The European Commission has taken the timely and important step of publishing its long-awaited proposal for a European regulation on nature restoration (“EU Nature Restoration Law”), ahead of talks starting on 22 June in Nairobi in preparation of COP15 of the Convention on Biological Diversity. The draft law is a historic achievement in assisting the recovery of damaged habitats, such as farmlands, forests, wetlands, oceans, and protected species.
Wetland ecosystems range from peatlands to rivers, lakes, their floodplains and coastal habitats. Setting legally binding targets for their restoration will open a unique opportunity to solve our climate and biodiversity planetary crises.
Europe’s rivers are thought to be the most fragmented freshwater ecosystems in the world, containing already more than one million barriers and one every 1.5 kilometres in the most densely populated countries, according to recent estimates. The setting of a target on the removal of barriers in rivers is a critical step in restoring Europe’s freshwater ecosystems and swimways for migratory fish.
“We welcome the inclusion of a river restoration target that requires EU member states to inventory barriers and remove them to achieve the objective of 25,000 km free-flowing rivers,” says Wetland International Europe’s Freshwater Manager, Paul Brotherton. “The implementation and rapid scaling up of barrier removals cannot wait.”
The inclusion of targets for the restoration and rewetting of drained peatlands under agricultural use and in peat extraction sites is also a vital inclusion, as this recognises the important role of these wetlands in climate mitigation and adaptation. The highlighted recognition of paludiculture as a practice of farming on wet peatlands (after rewetting) is a positive outcome.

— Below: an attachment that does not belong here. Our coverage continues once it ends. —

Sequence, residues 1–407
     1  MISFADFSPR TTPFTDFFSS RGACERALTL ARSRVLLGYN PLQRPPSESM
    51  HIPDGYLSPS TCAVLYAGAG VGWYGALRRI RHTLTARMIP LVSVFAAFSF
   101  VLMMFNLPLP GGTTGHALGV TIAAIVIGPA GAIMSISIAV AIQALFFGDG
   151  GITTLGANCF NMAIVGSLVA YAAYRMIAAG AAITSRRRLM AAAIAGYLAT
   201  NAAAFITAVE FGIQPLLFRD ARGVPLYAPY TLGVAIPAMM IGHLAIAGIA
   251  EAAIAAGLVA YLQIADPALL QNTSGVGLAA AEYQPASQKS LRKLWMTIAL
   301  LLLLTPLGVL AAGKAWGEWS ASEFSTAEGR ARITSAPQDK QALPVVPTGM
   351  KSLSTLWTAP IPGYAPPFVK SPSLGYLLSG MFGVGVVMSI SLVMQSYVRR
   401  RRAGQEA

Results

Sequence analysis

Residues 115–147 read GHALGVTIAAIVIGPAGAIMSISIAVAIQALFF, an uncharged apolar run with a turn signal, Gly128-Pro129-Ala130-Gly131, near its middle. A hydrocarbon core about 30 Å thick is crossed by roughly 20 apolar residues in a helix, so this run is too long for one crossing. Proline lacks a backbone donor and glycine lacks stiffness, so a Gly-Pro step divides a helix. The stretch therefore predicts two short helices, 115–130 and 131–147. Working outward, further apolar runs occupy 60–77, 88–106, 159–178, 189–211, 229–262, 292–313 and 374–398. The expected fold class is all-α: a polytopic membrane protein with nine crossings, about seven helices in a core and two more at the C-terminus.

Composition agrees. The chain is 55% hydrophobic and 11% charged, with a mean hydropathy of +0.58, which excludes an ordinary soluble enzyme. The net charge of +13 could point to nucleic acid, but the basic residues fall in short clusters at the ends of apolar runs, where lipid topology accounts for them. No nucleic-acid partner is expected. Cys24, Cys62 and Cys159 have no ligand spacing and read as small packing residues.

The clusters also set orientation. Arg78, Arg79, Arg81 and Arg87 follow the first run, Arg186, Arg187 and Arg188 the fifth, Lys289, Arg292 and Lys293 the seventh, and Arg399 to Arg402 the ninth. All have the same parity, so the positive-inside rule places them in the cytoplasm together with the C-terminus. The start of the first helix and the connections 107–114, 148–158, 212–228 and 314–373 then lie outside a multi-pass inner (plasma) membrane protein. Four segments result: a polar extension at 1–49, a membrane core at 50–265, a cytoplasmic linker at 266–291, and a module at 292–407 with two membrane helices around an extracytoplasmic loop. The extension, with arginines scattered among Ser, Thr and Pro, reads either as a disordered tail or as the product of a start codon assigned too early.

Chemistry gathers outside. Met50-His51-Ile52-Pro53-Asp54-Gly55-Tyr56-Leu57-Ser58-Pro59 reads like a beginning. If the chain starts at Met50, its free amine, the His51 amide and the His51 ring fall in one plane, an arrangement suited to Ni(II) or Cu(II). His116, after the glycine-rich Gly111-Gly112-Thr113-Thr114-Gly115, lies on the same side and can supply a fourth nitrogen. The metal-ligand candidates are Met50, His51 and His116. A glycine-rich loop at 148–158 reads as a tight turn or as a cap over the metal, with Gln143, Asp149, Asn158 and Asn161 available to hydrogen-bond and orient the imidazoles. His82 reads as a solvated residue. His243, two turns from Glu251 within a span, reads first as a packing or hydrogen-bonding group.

“We welcome the highlighted role of peatlands in the legislative draft. Setting specific and binding targets for member states for their peatland rewetting – including on agricultural and forestry land – is a real milestone in climate and biodiversity protection,” comments Jan Peters, Vice-Chair of the Wetlands International Europe Board.
Hans Schutten, Wetlands International’s Programme Head for Climate Smart Land-use, adds: “We are pleased to see targets that would restore the majority (70%) of organic land including drained peatlands by 2050. This is a significant step, but we would welcome even stronger ambitions as the recent Ramsar analysis shows that to curtail global warming to 1.5°C all drained peatlands need to be rewetted by 2050.”
Furthermore, the provisions to restore the habitats of species covered by the Birds and the Habitats Directives, and therefore assist their recovery to favourable conservation status, are also welcomed.
As a next stage, we call on MEPs to expedite the selection of a rapporteur to successfully guide the proposed regulation through the negotiation rounds in the European Parliament, helping to ensure the swift implementation of restoration measures for European peatland organic soil and riverine ecosystems.
The proposal for the EU Nature Restoration Law is an important first step towards mending the damage we have inflicted on Europe’s wetlands over the past decades and centuries. Wetlands International Europe is looking forward to work with the European Parliament and EU countries to strengthen the wetland targets and in adopting and implementing an ambitious piece of legislation that will guide restoration activities over the next three decades.
European Commission: Proposal for a Nature Restoration Law